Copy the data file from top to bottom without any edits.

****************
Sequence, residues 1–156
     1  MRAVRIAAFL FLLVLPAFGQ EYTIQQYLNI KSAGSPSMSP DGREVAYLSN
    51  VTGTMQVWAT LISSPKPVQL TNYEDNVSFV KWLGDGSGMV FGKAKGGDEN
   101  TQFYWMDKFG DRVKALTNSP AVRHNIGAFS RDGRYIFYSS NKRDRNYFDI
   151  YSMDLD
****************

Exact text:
Sequence, residues 1–156
     1  MRAVRIAAFL FLLVLPAFGQ EYTIQQYLNI KSAGSPSMSP DGREVAYLSN
    51  VTGTMQVWAT LISSPKPVQL TNYEDNVSFV KWLGDGSGMV FGKAKGGDEN
   101  TQFYWMDKFG DRVKALTNSP AVRHNIGAFS RDGRYIFYSS NKRDRNYFDI
   151  YSMDLD